A safe space for all LGBTI Olympians has been created at the Winter Olympics in Pyeongchang, South Korea, with Canada coming to the rescue after organisers fail to raise funds to create their own.
Reported by CBC News, Canada House is now also serving as Pride House throughout the Games after South Korean organisers failed to raise enough money to open a standalone LGBTI centre inside the Olympic village.
Officially the first Pride House in Asia, the collaboration also marks the first time an Olympic Pride House is directly affiliated with a national Olympic committee.
“We recognise that diversity is our greatest strength. Inclusion is the very foundation of what makes the heart of Team Canada.”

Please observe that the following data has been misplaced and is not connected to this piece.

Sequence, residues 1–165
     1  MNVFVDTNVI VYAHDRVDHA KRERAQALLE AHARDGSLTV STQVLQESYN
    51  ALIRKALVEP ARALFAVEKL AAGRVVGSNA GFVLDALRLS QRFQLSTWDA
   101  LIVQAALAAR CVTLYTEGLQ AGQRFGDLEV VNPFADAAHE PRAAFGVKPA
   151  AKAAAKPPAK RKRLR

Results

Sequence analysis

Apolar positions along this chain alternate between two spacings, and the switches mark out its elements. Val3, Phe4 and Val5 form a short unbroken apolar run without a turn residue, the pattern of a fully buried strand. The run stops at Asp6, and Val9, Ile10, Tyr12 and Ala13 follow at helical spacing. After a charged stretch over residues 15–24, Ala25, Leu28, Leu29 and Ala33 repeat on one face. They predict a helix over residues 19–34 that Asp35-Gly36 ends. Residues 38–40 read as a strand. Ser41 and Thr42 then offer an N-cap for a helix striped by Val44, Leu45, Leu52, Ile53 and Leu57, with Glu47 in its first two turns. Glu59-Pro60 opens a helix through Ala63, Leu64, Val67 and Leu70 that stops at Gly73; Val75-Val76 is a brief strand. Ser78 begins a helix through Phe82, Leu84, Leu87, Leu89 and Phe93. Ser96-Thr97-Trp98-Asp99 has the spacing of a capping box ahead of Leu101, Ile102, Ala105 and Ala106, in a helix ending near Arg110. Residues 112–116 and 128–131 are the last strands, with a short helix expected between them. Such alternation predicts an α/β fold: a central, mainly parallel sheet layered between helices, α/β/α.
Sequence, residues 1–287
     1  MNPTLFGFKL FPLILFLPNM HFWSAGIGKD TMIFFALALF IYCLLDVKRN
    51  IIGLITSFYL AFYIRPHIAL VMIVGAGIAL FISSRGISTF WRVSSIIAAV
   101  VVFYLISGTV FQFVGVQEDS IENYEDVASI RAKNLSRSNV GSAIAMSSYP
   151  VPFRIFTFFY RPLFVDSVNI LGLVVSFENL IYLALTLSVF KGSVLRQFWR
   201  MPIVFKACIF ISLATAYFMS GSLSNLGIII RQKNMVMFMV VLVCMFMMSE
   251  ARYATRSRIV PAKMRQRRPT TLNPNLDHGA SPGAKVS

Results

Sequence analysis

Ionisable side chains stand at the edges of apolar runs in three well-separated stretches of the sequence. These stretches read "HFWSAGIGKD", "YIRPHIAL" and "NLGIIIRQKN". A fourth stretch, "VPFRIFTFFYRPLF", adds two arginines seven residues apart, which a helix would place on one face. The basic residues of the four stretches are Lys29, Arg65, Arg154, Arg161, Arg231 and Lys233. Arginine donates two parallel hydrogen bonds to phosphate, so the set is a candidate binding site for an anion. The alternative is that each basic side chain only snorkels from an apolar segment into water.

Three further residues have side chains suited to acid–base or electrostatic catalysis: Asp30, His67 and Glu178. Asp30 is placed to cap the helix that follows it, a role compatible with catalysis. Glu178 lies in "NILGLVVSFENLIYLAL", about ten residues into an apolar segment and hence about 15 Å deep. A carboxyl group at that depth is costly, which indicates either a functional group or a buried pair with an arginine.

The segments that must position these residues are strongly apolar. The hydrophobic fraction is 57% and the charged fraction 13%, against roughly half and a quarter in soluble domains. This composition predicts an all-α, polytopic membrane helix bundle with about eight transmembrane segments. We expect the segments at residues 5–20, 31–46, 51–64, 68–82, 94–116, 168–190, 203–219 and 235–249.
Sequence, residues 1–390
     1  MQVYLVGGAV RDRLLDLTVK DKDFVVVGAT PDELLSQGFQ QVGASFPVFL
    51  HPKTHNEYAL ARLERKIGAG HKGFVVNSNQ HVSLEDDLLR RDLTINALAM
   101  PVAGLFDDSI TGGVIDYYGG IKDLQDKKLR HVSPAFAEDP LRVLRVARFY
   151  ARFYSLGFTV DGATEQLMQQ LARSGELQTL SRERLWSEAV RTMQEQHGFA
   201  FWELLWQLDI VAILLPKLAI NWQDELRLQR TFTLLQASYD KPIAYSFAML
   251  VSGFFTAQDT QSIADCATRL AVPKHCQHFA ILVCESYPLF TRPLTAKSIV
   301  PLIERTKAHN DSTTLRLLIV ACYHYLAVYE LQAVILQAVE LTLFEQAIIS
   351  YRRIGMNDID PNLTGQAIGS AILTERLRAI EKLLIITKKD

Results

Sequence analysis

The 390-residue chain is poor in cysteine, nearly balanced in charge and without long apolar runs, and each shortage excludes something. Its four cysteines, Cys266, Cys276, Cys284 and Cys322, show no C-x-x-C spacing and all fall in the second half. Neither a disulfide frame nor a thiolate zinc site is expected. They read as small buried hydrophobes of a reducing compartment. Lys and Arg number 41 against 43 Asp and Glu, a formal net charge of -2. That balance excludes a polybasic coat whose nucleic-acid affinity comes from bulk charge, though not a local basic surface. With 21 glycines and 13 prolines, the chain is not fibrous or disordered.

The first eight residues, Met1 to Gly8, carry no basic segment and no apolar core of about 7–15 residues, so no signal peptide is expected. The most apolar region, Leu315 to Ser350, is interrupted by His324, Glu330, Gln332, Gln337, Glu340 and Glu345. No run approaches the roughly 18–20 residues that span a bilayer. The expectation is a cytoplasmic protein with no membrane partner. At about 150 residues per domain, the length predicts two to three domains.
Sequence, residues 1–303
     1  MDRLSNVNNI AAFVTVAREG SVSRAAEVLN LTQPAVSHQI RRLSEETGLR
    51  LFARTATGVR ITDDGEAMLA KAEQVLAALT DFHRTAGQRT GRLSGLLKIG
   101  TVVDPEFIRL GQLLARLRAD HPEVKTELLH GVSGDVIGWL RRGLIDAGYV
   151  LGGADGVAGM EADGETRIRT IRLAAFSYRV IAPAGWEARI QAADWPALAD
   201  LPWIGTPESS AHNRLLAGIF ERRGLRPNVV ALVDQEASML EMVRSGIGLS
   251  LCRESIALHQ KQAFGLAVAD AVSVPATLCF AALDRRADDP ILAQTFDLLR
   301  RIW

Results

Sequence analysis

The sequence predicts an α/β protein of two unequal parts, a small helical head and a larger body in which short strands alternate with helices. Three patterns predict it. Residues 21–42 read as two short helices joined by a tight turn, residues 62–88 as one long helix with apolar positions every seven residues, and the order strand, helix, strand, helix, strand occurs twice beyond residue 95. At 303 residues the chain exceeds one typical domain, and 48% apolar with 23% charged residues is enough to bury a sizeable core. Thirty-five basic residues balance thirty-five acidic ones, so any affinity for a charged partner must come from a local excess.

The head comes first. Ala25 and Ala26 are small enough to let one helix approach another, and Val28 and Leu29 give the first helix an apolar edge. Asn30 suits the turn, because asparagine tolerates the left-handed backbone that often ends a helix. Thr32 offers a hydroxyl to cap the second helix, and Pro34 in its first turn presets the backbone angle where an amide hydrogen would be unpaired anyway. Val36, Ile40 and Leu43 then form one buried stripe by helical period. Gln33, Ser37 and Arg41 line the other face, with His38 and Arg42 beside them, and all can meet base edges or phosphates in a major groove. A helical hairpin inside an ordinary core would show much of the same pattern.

“By hosting Pride House in our Canada Olympic House, we are extending our warmest welcome to all from every corner of the world to celebrate ‘Be Olympic,’” explained Chris Overholt, CEO and Secretary General of the Canadian Olympic Committee (COC) in a press release.
With 13 out and proud LGBTI athletes competing at the 2018 Winter Olympics, the number of out athletes has almost doubled when compared to the number who competed at the 2014 Winter Olympics in Sochi, Krasnodar Krai, Russia.
The first official Pride House was created for the Vancouver Winter Olympics in 2010. When the Sochi Olympics in Russia denied requests for a Pride House, Canada stepped up again and established one of many “remote” solidarity Pride Houses set up in cities across the globe.
Pride Houses’ are safe spaces and resource centres designed to welcome LGBT athletes, fans and their allies during international sporting events. They are inclusive places to “view the competitions, experience the event with others, learn about LGBTIQ+ sport and homophobia in sport, and build a relationship with mainstream sport.”